Ankle Tendonitis Treatment


Ankle tendonitis treatment is designed to manage pain, speed healing and get you back to your normal way of living as soon as possible. Ankle tendonitis is typically caused by injury, arthritis, repetitive stress, general wear-and-tear and can be quite bothersome. The most common types are:

  • Achilles tendonitis, a common condition that occurs when the Achilles tendon, which connects the calf muscle to the ankle, becomes swollen, inflamed and painful at the back of the heel. Ankle tendonitis can be caused by bone spurs or related to flat feet.
  • Posterior tibial tendonitis, a common problem of inflammation and tenderness of one of the ankle tendons on the inner side of the ankle, just under the bony protrusion.
  • Peroneal Tendonitis, a fairly common type of ankle tendonitis often related to ankle sprains, overuse or tightness in the calf muscles. Typically, there is pain along the outside edge of the foot and ankle.


Ignoring ankle tendonitis symptoms won’t make them go away. Since surgery is typically a last resort, it makes little sense to suffer when a simple treatment plan can provide relief. While on average it takes 2-3 months for the ankle pain to fully go away, you can start to feel better quickly. Your physician will design a course of treatment that is individualized for your specific diagnosis, pain level and lifestyle. Recommendations could include:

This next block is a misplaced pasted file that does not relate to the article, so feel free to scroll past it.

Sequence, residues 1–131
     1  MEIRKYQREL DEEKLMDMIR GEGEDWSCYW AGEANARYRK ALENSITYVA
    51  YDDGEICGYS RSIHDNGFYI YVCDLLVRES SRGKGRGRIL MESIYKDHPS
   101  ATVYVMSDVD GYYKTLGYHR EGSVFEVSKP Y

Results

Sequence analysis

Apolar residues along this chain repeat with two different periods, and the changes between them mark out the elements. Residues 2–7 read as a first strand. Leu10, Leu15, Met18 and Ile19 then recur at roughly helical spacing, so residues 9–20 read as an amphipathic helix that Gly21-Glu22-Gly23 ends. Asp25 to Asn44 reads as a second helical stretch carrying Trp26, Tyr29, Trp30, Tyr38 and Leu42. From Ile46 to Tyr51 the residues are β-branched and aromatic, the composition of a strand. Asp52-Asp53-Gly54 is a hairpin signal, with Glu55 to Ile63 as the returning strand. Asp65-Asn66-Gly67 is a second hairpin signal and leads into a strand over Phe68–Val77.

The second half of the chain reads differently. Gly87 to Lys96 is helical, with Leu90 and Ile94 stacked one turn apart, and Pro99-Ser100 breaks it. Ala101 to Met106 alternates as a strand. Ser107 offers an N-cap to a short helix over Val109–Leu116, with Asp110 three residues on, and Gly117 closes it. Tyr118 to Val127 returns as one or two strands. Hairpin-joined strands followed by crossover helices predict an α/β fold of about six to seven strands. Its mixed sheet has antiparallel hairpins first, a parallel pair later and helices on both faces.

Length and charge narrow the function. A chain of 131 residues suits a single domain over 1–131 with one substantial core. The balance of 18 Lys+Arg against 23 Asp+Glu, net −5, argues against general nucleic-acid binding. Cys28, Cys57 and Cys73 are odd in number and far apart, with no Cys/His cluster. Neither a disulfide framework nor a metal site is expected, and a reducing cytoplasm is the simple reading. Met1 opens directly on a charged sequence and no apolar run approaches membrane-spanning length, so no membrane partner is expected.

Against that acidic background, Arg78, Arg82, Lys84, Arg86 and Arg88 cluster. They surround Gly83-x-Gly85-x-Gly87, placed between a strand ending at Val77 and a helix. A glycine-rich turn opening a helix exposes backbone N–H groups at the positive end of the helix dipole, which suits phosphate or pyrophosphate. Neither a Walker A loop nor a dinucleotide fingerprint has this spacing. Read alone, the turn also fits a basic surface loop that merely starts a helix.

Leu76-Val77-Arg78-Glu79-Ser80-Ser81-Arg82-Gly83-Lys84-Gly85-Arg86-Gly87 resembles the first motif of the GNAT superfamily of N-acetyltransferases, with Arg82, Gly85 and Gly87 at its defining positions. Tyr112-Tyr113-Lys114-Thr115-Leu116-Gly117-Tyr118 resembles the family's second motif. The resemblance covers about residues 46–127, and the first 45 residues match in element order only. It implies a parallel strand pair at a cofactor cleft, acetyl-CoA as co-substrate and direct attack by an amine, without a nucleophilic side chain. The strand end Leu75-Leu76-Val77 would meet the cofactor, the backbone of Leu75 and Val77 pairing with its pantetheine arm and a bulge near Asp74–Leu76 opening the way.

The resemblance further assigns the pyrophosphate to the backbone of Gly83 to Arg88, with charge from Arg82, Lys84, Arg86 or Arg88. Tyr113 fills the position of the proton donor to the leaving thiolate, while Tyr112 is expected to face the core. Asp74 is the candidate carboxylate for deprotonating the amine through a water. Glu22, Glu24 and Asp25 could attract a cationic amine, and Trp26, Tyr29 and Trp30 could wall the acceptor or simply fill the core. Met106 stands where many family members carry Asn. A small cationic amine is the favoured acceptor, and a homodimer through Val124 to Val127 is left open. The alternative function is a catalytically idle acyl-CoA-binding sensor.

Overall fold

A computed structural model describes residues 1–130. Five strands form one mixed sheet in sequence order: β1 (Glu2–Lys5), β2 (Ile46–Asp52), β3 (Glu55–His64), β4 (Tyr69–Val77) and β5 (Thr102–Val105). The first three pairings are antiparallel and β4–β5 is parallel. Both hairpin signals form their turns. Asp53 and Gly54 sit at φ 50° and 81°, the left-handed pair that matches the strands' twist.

• Icing the affected area three times a day for 15-20 minutes
  • Decreasing or stopping any activity that causes you ankle pain
  • Avoid walking or running on hard or uneven surfaces
  • Switch to biking or swimming to reduce ankle stress
  • Non-steroidal anti-inflammatory drugs (NSAIDs) to reduce pain and swelling
  • Gentle stretching of the ankle
  • A brace or boot to keep the heel and ankle stabilized
  • Heel lifts/padded shoes

If these treatments do not improve symptoms, you may need surgery to remove inflamed tissue and abnormal areas of the tendon. Surgery can also be used to remove a bone spur that is irritating the tendon.

Extracorporeal shock wave therapy (ESWT), which uses low-dose sound waves, may be an alternative to surgery for people who have not responded to other ankle tendonitis treatments.


After your ankle tendonitis treatment, your doctor may recommend a short course of physical therapy to help you regain strength and flexibility, especially if you have had surgery. By and large, lifestyle changes such as finding alternate forms of exercise other than running, making sure stretching is part of your daily activity, wearing shock-absorbing shoes and even losing weight can help prevent a recurrence.